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Molly Majewicz: ‘All About Endocrine Disruptors’

by Molly Majewicz

As consumers, it is important for us to be aware of the types of chemicals or ingredients that are in our common household products. Endocrine disruptors are synthetic chemicals that have harmful effects on the endocrine system—this system consists of the glands and hormones that regulate various important functions in the body, like growth, stress response, sexual development, and reproduction ability.

These chemicals are found in many of our everyday products, like cosmetics, baby and children’s toys, cleaning products, furniture, computers, you name it. According to TEDX, no chemical has been thoroughly tested for its endocrine disrupting effects, so we cannot say that specific chemicals do indeed cause long-term health defects or problems.

However, there exists a long list of chemicals that are suspected to cause health issues like cancer, lowered fertility, and developmental, reproductive, immune, and neurological defects. To see a full list, visit the TEDX website.

Specifically when you are shopping for cosmetics or other skin care products, keep a look out for these 12 worst endocrine disrupting chemicals:

  • BHA/BHT — used mainly in moisturizers and makeup
  • P-phenylenediamine — used in hair dyes or other products that are artificially colored; contaminated with heavy metals that are toxic to the brain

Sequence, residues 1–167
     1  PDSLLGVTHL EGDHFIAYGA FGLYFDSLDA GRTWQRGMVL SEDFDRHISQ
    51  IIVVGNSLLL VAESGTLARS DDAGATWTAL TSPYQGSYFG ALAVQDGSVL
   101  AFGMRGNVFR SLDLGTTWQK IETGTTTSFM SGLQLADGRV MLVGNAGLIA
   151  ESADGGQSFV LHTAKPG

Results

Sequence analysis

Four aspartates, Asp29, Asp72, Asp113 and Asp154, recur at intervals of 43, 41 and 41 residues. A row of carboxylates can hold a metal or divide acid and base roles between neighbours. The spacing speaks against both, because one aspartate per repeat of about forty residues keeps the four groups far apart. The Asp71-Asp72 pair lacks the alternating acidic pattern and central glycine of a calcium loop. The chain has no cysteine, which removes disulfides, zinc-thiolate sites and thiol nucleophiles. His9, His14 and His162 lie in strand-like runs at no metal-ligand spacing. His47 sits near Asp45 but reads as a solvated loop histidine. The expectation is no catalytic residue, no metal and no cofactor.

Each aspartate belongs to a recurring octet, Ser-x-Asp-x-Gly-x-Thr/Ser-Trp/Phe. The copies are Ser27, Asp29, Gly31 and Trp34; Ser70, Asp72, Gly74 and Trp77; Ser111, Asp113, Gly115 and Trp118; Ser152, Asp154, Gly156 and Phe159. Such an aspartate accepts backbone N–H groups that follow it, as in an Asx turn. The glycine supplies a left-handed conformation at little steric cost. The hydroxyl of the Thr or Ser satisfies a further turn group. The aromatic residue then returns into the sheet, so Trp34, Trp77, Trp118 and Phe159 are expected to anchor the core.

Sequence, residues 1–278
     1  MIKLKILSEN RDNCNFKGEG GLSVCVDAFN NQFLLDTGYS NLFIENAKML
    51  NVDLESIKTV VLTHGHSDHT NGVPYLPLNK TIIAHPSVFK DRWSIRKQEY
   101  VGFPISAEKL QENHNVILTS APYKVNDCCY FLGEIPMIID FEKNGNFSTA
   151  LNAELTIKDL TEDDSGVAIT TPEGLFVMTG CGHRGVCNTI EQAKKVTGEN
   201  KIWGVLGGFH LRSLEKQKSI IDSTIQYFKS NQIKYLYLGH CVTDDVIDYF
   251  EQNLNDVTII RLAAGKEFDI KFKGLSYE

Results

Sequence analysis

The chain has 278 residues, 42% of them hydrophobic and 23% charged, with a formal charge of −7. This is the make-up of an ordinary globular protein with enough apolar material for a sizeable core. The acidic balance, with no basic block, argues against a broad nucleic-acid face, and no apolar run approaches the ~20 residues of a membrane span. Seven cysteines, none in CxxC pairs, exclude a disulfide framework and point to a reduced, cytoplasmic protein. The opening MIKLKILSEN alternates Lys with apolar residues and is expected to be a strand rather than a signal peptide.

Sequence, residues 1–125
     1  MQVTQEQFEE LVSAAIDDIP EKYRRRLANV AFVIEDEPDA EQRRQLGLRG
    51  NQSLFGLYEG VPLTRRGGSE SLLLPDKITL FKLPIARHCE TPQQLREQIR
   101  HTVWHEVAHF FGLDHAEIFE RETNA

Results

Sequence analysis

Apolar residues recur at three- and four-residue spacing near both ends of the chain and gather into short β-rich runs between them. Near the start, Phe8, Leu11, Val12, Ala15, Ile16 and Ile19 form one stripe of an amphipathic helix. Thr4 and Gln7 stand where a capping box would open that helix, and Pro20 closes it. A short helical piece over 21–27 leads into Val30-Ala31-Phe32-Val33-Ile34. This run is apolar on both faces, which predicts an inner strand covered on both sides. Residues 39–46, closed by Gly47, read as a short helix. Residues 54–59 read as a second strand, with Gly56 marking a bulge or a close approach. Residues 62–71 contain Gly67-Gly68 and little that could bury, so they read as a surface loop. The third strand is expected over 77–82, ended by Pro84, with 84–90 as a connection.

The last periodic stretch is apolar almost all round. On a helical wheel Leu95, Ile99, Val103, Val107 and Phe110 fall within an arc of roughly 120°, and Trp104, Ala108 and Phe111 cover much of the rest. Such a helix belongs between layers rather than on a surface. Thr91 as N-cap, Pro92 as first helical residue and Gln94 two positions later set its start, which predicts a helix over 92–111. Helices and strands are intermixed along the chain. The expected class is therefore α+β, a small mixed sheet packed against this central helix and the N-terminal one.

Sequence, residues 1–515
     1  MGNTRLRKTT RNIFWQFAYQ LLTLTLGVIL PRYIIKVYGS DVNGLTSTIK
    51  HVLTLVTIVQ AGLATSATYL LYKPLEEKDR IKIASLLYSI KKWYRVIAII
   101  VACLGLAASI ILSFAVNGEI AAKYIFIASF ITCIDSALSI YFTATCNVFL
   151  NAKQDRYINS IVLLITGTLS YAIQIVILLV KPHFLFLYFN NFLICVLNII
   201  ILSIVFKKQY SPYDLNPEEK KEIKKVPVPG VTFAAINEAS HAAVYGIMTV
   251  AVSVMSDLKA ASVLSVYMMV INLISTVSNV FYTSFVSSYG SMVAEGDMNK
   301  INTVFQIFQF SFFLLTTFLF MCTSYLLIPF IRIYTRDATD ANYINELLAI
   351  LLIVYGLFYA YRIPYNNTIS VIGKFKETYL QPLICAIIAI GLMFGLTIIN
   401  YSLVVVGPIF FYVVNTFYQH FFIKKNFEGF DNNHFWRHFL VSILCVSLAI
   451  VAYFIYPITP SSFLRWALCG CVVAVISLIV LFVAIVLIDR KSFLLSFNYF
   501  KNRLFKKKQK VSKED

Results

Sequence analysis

• DEA/MEA/TEA — used mostly in creamy and foaming products, like moisturizers and shampoo, shaving cream, etc.
  • Dibutyl phthalate — used in nail care products
  • DMDM hydantoin/diazolidinyl urea/imidazolidinyl urea/methenamine — used in a variety of cosmetics; slowly releases formaldehyde, which causes cancer
  • Parabens — in a variety of cosmetics as preservatives; associated with male reproductive function issues
  • Parfum (fragrance) — can trigger allergies and asthma; some are linked to cancer and neurotoxicity
  • PEG compounds — used in cosmetic cream bases; look for any word with the letters “eth”
  • Petrolatum — used in hair products for shine, also lipsticks and lip balms
  • Siloxanes — used in cosmetics that soften, smooth, or moisten
  • Sodium laureth sulfate — used in shampoos, cleansers, and bubble bath products
  • Triclosan — used in antibacterial cosmetics, like toothpaste, cleansers, and antiperspirants

For more information, check out the David Suzuki Foundation website. It would be helpful to keep a pocket-size list of these chemicals in your wallet or purse so that when you are shopping, you can quickly compare your list of endocrine disruptors to the ingredients list on the back of the product.

A way to avoid endocrine disruptors all together is to replace as many products as you can with all-natural solutions. For examples of all natural skin care products, see my last blog post. You can check to see how potentially harmful your skin care products actually are on EWG’s Skin Deep database. The key to helping yourself stay healthy and limiting your exposure to these endocrine disruptors is by purely being aware and making conscious decisions to avoid them.

Here is a pocket-size list of the 12 worst endocrine disrupters:

BHA/BHT PEG compounds
P-phenylenediamine Petrolatum
DEA/MEA/TEA Siloxanes
DMDM hydantoin/methenamine Sodium laureth sulfate
Parabens Triclosan
Parfum (fragrance) Diazolidinyl urea/imidazolidinyl urea/
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